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British Prime Minister Rishi Sunak will on Tuesday meet pro-UK unionists in Northern Ireland to sell his breakthrough deal with the European Union that overhauls post-Brexit trading rules in the province.
Sunak and European Commission president Ursula von der Leyen proclaimed Monday a "new chapter" in relations after years of Brexit tensions as they agreed the new pact.
It follows more than a year of tense talks over the "Northern Ireland Protocol", which has unsettled the province 25 years on from a historic peace deal that ended three decades of armed conflict.
Agreed in 2020 as part of Britain's EU divorce, the original pact kept the province in the European single market for physical goods and subject to different customs rules than the rest of the United Kingdom, angering pro-UK unionists there and eurosceptics in London.
While the new framework has been generally well received, it has yet to secure the backing of the Democratic Unionist Party (DUP) -- Northern Ireland's largest pro-UK party -- which is needed to resume power-sharing in the province.
The DUP has been refusing to re-enter the devolved government in Belfast for a year, mainly in protest at the protocol, which it said cut Northern Ireland adrift from the rest of the UK.
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DUP leader Jeffrey Donaldson said the party would assess whether the agreement met its tests for returning to the Stormont assembly.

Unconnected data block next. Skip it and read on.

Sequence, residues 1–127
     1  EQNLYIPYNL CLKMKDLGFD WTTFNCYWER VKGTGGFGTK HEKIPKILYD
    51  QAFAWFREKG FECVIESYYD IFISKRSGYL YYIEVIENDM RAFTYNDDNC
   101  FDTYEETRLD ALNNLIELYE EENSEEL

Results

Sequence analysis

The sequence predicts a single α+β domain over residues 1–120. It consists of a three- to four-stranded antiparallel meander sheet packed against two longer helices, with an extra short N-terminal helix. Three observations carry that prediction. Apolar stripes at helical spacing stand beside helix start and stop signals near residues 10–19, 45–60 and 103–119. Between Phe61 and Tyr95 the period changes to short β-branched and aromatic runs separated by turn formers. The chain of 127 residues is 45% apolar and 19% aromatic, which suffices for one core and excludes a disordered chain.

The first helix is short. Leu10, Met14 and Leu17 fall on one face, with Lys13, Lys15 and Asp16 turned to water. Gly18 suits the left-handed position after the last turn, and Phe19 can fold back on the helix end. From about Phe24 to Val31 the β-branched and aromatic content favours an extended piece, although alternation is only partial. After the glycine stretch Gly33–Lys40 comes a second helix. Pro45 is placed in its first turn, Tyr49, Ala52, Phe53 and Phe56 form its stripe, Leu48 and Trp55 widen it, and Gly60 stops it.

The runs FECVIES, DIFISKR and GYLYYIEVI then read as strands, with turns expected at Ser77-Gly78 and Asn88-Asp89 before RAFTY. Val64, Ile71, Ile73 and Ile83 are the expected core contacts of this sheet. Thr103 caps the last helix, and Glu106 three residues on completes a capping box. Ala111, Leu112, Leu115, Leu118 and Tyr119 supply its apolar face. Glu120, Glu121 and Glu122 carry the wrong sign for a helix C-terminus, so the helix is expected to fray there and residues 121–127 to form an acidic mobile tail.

Sunak told BBC radio that his deal "will make a hugely positive difference".
"And that's what I'll be talking to people about today, listening to them and explaining how this agreement is going to make that positive difference."
The new so-called Windsor Framework creates a "green" largely check-free lane for goods coming from the rest of the UK that are intended to stay in Northern Ireland, without heading into Ireland and the EU's single market.
UK-approved food and medicines will be fully available in Northern Ireland. The deal will also limit, but not scrap, oversight of the arrangements by the EU's European Court of Justice (ECJ).
Donaldson told Sky News on Monday that a key issue would be the extent of EU law applicable to Northern Ireland.
"The ECJ applies where EU law applies. A key focus for us in examining this agreement will be to determine which EU laws apply, in what circumstances do they apply and why do they apply," he said.
"We don't want a situation where EU law cuts across our ability to trade with the rest of the UK."
Sunak appears to have the backing of most Brexiteer MPs in his own party, although his predecessor Boris Johnson has yet to react.
A key plank of the agreement is the "Stormont brake", which gives the Northern Ireland assembly power to initiate a block on any new laws passed by the EU taking effect in the province.
"At the heart of the Belfast Good Friday Agreement is the delicate balance that needs to exist in Northern Ireland and that's about respect for the aspirations and identities of all communities," Sunak told the BBC, referring to the landmark 1998 peace accord.
"It's important for businesses to have access to the EU single market, and as long as the people in Northern Ireland consent to that arrangement, then that's why there's a small and limited role for EU law in Northern Ireland.
"But crucially... that situation only persists as long as the people are happy with it," he added.
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